Science and Perspective.


July 2017

Luck, dreams and marriage

If you get really, really lucky, you will meet the person of your dreams. Being made of dreams, they will give you a new one.
The dream of being with them forever.
For many of us that look like marriage.
But like all dreams, when you catch them and try to hold on, they change. They become firm, real, hard in places and soft in others.
No one is perfect and no marriage is easy all the time.
Alma, I love being married to you and learning, growing no changing through life’s challenges together. Te amo.

Everyone else that reads this, I wish you the strength to hold on to the dreams you catch. Leno

Ancilleno Davis, PhD. Candidate
Ecology, Evolution and Environmental Biology- Miami University, Oxford Ohio



It seems like Anu Garg at “A Word a Day” reads my mind and then finds the words of dead people to echo the sentiment. 

“a long time we have gone along with some well-tested principles of conduct: that it was better to tell the truth than falsehoods; that a half-truth was no truth at all; that duties were older than and as fundamental as rights; that, as Justice Holmes put it, the mode by which the inevitable came to pass was effort; that to perpetuate a harm was always wrong, no matter how many joined in it, but to perpetuate it on a weaker person was particularly detestable … Our institutions are founded on the assumption that most people will follow these principles most of the time because they want to, and the institutions work pretty well when this assumption is true.” -Dean Acheson, statesman and lawyer (1893-1971) 

at the oxymoron museum

I would visit that museum.

Source: at the oxymoron museum

“It’s a F*$<ing African American!"

*Note: if you follow me, you know I avoid profanity. This post does contain a few instances, because they are direct quotes and pertinent to the discussion. Read on accordingly.

Sitting in an office at Peabody Hall on Miami University’s Oxford Campus, I hear the drone of a motorized scaffold (the lift machines that painters can drive around and move up and down to paint the outside of a building).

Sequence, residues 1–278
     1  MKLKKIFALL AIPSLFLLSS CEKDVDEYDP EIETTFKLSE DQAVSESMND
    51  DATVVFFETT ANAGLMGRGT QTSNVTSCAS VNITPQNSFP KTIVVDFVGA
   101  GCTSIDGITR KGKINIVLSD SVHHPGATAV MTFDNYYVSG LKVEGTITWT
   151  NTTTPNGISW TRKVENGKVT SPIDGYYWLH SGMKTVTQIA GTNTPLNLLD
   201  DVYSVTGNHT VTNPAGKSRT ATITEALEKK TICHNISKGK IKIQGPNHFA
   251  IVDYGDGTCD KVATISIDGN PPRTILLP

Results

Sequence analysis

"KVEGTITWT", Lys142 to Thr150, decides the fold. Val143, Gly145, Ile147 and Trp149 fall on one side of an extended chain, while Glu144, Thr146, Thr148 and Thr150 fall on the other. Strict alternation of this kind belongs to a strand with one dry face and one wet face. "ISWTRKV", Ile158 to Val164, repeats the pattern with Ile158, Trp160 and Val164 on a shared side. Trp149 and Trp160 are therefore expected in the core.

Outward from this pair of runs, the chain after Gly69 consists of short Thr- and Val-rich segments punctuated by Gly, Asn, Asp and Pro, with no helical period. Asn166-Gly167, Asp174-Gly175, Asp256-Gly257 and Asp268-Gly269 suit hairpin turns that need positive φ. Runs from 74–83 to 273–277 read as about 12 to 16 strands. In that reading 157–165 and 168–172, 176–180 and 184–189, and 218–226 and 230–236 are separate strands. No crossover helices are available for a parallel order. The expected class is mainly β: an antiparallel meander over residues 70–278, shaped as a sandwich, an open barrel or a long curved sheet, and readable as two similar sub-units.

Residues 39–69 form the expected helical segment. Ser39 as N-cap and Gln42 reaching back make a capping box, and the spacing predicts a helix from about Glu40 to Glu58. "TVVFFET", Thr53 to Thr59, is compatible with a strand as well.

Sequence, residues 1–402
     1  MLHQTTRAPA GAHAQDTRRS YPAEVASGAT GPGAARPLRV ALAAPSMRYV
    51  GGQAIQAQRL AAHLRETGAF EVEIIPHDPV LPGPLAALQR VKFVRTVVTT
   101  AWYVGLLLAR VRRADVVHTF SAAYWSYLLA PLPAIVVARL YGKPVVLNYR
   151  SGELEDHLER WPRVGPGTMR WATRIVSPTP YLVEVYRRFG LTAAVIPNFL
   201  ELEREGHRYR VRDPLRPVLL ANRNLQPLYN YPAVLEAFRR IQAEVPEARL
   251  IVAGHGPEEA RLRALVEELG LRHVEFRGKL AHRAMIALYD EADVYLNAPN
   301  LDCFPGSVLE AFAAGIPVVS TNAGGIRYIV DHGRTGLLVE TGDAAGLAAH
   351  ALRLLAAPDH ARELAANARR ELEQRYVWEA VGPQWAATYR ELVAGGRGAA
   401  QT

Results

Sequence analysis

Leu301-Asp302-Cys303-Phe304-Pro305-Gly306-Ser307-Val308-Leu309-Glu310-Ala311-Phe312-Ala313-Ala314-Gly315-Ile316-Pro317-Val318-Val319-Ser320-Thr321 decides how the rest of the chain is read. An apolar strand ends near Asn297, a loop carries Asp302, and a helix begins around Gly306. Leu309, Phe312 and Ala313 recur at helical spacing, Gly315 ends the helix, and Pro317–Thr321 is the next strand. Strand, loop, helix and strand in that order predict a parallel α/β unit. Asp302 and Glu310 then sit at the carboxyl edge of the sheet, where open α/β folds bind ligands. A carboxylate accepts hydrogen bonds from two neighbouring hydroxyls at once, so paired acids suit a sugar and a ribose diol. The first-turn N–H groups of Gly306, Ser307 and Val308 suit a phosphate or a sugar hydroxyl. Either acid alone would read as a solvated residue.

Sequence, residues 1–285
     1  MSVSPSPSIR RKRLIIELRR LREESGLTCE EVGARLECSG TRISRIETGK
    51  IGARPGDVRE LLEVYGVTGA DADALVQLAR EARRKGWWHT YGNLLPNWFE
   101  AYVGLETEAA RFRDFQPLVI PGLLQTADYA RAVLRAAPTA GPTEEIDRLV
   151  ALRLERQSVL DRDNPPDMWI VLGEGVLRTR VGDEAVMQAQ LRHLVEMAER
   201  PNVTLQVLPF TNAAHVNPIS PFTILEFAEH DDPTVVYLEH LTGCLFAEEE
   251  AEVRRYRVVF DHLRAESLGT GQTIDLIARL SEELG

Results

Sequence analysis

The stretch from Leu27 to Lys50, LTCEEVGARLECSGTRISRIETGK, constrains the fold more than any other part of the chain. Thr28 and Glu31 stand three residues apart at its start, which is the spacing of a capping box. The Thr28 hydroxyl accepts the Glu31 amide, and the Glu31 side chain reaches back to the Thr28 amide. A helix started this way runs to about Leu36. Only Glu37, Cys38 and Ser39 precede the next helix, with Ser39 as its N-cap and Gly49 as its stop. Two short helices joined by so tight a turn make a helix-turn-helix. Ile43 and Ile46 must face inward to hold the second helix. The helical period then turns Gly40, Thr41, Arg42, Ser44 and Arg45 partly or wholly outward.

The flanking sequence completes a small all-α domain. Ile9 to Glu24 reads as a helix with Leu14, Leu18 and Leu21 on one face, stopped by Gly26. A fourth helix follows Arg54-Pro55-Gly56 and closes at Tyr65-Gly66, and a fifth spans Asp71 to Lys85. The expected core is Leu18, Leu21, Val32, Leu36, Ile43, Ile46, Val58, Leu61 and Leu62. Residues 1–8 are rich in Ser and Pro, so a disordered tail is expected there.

Most of the morning, I hear the machine and the blasting music from the radio the worker has going. They are painting the wooden frames around and within the windows.

Later on, I hear a string of cuss words as the painter working on my part of the building gets upset at something and I go to the window to see what is going on. He is throwing his equipment around and cleaning his hands furiously.

I walk away from the window but realize my window is next and go over to close my blind as his platform comes up. At first, he seems a bit surprised, then smiles and shouts over the noise.

“You want a ride?”
I look at him, puzzled, bemused. I can hear him clearly, but he takes my lack of response to mean I cannot hear him well because of the noise, which must be near deafening outside.

Painter: “You (gesturing at me) want a ride? (gesturing at the machine and up toward the roof)”

Me: gesturing to myself and shaking my head, I mouth “Me? no!” I smile with a hand over hand gesture also mouthing “next time”.

I close the blinds and return to my seat.

From the window, I hear the audible but unintelligible shout of a coworker on the ground, to the guy outside my window. (Like Charlie Brown’s teacher on a construction site).

The guy outside my window responds “It’s a fucking African American!”

*Charlie Brown’s Teacher responds*

“Yeah. A Fucking African American! I asked him if he wants a ride!” and he starts laughing.

I cannot really describe what was going on in my head at the time, but there was so much “what?!”

I am posting this to see what your reaction or response would have been. please leave a comment. follow the link to comment on the website preferred.



Rats, pigs, dogs, boys

I find myself in conflict with my growling belly and my gnashing teeth.I cannot separate the eyes and the soul.
I have looked into the face of too many animals.
I have looked with earnest.